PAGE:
How Indestructible are England's First Plastic Bank Notes?

Plastic notes
England's new polymer £5 note featuring Sir Winston Churchill is unveiled at Blenheim Palace, Woodstock, England, June 2, 2016. It became officially available to the public on September 13. Joe Giddens/Getty

Plastic bank notes have hit the streets of England and Wales for the first time.

Made from a thin, flexible polymer material, the note was officially made available to the public today. It will initially only be available from a handful of banks and cashpoints in the two UK countries, but most bank branches are expected to stock the notes within a fortnight as the currency is rolled out.

The new £5 note, or 'fiver', has an image of Sir Winston Churchill on the back. Governor of the Bank of England, Mark Carney, said the note will be cleaner, safer and stronger: new security features, such as a transparent window, will make the note harder to counterfeit, Carney says. And polymer-based banknotes are also more environmentally friendly as they last two-and-a-half times longer than the paper alternative—five years compared with the current note's two-year lifespan.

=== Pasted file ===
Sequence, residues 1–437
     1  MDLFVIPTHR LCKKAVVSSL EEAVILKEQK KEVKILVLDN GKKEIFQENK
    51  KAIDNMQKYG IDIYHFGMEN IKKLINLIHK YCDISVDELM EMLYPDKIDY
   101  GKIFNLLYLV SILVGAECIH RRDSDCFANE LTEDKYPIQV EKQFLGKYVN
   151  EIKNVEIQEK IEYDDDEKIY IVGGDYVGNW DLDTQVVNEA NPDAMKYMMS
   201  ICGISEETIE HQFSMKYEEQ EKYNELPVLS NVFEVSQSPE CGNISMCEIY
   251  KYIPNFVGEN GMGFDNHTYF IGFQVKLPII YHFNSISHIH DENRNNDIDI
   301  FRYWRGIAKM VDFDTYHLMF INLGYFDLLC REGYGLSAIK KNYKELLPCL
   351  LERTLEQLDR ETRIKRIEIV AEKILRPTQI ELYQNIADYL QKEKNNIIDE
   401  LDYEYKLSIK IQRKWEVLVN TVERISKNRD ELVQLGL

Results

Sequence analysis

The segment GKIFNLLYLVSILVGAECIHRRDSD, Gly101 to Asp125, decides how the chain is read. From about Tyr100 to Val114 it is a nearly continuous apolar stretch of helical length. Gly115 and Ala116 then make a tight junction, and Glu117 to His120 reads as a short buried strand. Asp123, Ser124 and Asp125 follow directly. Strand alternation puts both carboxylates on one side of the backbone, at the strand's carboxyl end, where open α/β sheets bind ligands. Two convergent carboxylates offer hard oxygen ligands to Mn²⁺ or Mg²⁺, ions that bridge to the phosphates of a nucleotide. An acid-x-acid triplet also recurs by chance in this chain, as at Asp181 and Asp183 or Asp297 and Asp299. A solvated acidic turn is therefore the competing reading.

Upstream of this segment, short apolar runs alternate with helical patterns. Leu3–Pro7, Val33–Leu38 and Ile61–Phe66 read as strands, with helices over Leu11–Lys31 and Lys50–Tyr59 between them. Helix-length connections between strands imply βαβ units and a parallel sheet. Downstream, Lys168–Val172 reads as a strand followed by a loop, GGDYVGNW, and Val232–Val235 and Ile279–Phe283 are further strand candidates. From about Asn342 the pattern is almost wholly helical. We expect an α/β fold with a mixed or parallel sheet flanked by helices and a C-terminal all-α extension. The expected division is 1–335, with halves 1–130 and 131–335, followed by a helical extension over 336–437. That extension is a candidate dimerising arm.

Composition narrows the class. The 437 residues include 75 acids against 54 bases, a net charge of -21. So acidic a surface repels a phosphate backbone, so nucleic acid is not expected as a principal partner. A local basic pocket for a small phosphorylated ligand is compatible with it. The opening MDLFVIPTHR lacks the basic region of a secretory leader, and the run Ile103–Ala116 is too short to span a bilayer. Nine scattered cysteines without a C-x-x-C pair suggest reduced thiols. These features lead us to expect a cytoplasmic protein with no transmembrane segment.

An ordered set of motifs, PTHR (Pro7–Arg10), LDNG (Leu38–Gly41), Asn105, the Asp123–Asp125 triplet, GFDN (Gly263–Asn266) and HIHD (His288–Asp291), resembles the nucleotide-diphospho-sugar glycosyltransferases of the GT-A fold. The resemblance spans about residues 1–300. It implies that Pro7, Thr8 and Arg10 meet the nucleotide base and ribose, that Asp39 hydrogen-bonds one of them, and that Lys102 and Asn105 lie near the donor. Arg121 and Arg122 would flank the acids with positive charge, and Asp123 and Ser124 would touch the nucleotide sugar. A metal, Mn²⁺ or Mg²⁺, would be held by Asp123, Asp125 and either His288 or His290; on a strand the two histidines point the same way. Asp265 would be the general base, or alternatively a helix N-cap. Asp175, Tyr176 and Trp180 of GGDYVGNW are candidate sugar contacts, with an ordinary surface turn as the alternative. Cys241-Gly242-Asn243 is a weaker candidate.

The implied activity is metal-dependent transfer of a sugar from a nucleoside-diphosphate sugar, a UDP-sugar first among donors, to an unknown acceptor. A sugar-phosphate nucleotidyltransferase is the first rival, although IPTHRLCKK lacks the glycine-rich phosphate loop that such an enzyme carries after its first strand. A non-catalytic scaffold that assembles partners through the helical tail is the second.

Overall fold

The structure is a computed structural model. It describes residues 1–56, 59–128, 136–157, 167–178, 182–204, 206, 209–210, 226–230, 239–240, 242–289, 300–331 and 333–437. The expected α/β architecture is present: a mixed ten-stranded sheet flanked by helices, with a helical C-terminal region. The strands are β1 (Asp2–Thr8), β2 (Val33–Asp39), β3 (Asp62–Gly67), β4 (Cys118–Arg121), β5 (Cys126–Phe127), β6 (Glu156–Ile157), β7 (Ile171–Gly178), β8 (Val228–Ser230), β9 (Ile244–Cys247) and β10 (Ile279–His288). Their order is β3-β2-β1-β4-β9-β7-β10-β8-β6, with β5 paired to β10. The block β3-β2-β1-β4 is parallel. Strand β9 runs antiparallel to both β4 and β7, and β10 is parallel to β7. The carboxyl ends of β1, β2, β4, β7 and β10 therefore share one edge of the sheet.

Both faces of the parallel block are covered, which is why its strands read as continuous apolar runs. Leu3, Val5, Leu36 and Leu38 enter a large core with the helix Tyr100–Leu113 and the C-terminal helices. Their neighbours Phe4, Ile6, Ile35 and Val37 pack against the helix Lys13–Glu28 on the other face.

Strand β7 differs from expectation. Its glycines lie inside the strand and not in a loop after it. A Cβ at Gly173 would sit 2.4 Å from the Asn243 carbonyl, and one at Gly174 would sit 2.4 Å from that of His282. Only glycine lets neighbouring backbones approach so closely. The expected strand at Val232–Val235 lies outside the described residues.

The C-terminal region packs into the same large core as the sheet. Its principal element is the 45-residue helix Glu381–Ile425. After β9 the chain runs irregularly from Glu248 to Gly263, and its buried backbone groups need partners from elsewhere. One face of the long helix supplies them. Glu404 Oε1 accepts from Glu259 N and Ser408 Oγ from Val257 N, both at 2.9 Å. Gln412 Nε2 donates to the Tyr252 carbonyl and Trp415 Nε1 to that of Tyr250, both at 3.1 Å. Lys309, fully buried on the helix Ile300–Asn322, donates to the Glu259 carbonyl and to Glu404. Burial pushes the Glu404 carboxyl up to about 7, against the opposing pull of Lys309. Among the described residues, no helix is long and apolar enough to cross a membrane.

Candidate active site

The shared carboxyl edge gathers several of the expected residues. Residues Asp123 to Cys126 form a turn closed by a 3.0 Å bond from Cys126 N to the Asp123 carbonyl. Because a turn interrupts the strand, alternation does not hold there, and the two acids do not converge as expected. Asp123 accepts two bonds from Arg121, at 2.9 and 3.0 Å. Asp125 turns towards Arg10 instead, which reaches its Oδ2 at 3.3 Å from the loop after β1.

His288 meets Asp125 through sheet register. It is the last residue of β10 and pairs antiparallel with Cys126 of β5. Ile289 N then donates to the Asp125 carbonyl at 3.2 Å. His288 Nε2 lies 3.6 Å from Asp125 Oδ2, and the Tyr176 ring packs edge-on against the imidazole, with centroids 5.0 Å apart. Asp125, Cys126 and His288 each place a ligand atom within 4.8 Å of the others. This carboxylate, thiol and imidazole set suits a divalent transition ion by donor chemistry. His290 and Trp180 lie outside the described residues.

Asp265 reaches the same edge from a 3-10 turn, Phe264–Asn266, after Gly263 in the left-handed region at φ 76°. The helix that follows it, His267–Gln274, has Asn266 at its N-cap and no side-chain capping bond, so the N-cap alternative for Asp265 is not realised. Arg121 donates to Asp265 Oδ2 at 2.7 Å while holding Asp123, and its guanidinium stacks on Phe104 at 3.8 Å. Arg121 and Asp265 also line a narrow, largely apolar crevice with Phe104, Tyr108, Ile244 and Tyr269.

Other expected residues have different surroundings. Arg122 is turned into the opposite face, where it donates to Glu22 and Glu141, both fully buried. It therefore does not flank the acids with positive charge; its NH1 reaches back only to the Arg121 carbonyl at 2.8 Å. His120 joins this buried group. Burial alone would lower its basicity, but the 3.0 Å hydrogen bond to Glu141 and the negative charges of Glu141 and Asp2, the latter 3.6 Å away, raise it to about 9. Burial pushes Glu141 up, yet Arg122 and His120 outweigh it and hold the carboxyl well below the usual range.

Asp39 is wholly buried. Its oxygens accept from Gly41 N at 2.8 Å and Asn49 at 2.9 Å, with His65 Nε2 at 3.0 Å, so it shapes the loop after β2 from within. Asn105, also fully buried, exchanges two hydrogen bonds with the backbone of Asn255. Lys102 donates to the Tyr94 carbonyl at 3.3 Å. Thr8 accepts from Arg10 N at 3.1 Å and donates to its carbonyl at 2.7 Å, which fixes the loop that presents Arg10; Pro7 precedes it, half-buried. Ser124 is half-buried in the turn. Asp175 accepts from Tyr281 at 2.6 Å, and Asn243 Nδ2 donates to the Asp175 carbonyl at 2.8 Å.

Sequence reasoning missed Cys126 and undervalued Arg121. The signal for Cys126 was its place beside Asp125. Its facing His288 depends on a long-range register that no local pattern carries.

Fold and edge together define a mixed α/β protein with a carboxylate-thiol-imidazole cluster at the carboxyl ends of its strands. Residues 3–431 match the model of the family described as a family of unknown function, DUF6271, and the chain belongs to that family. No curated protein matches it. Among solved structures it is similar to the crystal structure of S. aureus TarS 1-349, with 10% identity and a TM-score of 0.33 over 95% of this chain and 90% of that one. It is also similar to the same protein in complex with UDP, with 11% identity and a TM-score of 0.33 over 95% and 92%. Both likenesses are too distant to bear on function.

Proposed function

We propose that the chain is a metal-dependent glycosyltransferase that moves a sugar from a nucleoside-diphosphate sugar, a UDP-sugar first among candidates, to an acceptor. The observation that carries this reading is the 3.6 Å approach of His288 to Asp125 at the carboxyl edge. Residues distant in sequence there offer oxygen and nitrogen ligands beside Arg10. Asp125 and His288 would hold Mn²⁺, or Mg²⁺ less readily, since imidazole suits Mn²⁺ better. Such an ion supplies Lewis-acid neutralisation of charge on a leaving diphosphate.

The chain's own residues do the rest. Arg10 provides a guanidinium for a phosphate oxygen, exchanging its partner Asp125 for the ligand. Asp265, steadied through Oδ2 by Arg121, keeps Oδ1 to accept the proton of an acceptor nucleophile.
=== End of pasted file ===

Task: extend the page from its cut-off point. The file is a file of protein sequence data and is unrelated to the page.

Despite the change, the note is not indestructible: it is plastic, which means they melt if held over a naked flame, or put in an oven or microwave.

The Bank of England has printed 440 million of the notes, with the old £5 notes to be taken out of circulation by 5 May 2017.

A plastic £10 note—smaller than the current note—featuring novelist Jane Austen is to go into circulation next summer, while a £20 polymer note, featuring the artist JMW Turner, is due by 2020.

Scotland and Northern Ireland already have plastic bank notes in circulation, having introduced them in March 2015 and October 1999 respectively.